Disaster planning encompasses a wide array of elements, from cloud services to storage, backup, disaster recovery planning, and business continuity planning, all playing vital roles in an overall preparedness strategy. For businesses without a comprehensive understanding of these diverse solutions, it is easy to oversee their subtle differences and consider them interchangeable. 

The danger lies in believing that one aspect of DR, like a cloud service, provides an automatic blanket protection against disasters. It is only when a crisis hits that businesses realise their mistake. 

Breaking down the myths of DR and gaining knowledge and clarity about its nuances is key for protecting your business in an ever-evolving IT landscape. Cybersecurity professionals are equipped to train you and your team, helping you set up a solid recovery plan. 

Myth #1: We are not likely to be hit by a disaster

One of the most prevalent disaster recovery myths revolves around the belief that disasters, especially those of a significant magnitude like earthquakes or tsunamis, are unlikely to affect your business. This misconception often arises from the geographic location of a business. If you are situated in an area with infrequent natural occurrences, it is easy to assume your business is immune. Similarly, you may feel secure because you have invested in security measures like alarms to protect your physical premises.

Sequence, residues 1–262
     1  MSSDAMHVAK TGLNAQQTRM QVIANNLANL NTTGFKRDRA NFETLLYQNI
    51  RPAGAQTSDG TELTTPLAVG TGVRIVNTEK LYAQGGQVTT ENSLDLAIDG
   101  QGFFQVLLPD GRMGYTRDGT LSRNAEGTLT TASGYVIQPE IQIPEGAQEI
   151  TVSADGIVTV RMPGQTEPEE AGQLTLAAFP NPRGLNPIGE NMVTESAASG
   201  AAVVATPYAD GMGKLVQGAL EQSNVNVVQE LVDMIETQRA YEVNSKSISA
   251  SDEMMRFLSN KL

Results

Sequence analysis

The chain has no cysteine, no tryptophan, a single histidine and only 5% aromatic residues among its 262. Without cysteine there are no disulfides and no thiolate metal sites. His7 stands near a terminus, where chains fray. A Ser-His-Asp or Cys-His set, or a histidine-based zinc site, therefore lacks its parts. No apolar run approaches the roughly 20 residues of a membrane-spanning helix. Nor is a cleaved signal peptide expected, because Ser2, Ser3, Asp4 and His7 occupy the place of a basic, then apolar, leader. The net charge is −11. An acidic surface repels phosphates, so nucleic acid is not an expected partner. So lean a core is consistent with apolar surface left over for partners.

The reality is that the term "disaster" encompasses a wide range of scenarios, as explored above. No business, regardless of its size or location, is immune to these potential disasters. A robust DRP is designed to address all these eventualities, ensuring that your business can continue to operate effectively, regardless of what type of disaster strikes. 

Myth #2: Cloud services equal surety in disaster recovery